In Sept. 21, 1994, Duquesne University junior Casey Mullen scaled the stairs to the school's law school library. The 19-year-old [man's] backpack held nine 1-ounce plastic bags filled with powdered cocaine — a delivery he was making to a woman he barely knew, part of his daily effort to sell enough narcotics to feed his own addiction. She was an undercover narcotics detective. It was his first and only arrest. [Less] than 18 months later, Allegheny County Judge Raymond Novak slammed Mullen with a mandatory minimum sentence: three to 10 years at the former State Correctional Institution Waynesburg. Mullen did his minimum three years and then embarked on a very different quest back up the 17 steps of the law school library.But there's more! Mullen, now 41 years old, then went on to become a "stellar student and, later, an increasingly prominent criminal defense attorney." Now, he is making his past public because:
1) Criminals, especially those who are struggling with addiction, must see that it's possible to become a respected professional; 2) society must see the need to start taking more chances to reintegrate convicted felons; 3) policymakers should rethink what a prison can be — less punishment, more rehabilitation, job training and programs designed to ensure that every inmate leaves jail with “the belief that they can move beyond this” and contribute again to society.Mullen says the "two scariest days" of his life were when he went in jail, and when he left. He lived in a so-called half-way house for 10 months, worked at a confectioner and counselled high school students. While still under parole, he worked as a millwright and the university readmitted him to major in sociology. But applying to law schools was a different matter. Although his sentencing judge supported his application, law school admissions boards were more than a little hesitant. At Duquesne Law, Mullen "starred on the school's nationally renowned Trial Competition Team" and ws "named the top student by the faculty."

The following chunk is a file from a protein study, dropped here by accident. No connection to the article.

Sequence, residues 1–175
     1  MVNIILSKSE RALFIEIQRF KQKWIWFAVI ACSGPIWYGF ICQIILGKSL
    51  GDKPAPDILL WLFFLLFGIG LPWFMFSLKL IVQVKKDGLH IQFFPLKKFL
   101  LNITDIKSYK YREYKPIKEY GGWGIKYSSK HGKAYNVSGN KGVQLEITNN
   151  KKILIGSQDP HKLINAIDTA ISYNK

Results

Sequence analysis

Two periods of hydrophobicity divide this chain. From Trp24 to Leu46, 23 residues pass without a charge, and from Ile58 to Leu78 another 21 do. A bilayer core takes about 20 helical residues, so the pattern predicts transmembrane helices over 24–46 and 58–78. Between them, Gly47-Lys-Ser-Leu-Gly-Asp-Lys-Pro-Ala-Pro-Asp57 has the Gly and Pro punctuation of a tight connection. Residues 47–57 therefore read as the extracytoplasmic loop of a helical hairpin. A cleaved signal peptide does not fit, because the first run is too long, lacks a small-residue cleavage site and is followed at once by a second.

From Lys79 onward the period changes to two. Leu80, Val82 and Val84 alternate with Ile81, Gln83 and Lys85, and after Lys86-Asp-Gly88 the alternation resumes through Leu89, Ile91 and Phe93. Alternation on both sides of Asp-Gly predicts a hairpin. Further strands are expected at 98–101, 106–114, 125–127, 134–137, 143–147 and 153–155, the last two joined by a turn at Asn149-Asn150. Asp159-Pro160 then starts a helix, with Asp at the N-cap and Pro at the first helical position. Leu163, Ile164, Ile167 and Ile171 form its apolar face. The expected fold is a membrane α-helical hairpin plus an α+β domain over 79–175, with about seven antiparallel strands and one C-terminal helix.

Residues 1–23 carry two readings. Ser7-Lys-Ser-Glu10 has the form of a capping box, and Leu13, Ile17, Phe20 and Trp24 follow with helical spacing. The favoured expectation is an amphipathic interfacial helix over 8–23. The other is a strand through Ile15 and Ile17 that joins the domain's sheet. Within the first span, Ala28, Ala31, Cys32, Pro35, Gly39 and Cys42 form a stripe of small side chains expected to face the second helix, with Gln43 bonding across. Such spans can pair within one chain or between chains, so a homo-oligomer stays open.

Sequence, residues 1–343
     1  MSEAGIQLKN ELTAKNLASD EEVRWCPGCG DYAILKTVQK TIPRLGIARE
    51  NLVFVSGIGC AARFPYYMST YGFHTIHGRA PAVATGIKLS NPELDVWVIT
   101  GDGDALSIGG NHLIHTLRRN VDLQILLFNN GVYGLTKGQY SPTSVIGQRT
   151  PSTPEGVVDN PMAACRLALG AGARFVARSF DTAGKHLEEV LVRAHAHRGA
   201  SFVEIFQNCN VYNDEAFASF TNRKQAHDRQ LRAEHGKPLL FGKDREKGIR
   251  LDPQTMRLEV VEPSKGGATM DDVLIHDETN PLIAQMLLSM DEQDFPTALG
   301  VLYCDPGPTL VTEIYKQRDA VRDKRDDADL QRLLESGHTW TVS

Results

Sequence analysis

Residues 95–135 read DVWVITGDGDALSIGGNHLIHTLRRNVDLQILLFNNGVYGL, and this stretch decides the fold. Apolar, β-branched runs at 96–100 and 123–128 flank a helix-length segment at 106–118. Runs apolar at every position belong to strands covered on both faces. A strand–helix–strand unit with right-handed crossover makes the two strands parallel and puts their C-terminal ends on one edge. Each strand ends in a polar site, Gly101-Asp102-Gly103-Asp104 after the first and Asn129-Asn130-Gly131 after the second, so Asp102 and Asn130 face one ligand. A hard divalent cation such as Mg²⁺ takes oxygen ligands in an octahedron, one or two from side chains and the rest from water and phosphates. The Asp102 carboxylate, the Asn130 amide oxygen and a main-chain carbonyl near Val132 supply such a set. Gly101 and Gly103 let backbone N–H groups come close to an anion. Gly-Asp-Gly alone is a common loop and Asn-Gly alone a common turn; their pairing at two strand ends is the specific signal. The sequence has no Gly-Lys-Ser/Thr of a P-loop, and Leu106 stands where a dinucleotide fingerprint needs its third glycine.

In 2008, Mullen appeared before the Pennsylvania Board of Pardons, on behalf of himself! There followed a unanimous vote to recommend to clemency. Gov. Ed Rendell granted the pardon in 2009, so Mullen could take the bar exam in 2011. Read more about this amazing story and Mullen's effort to help those where were formerly incarcerated here.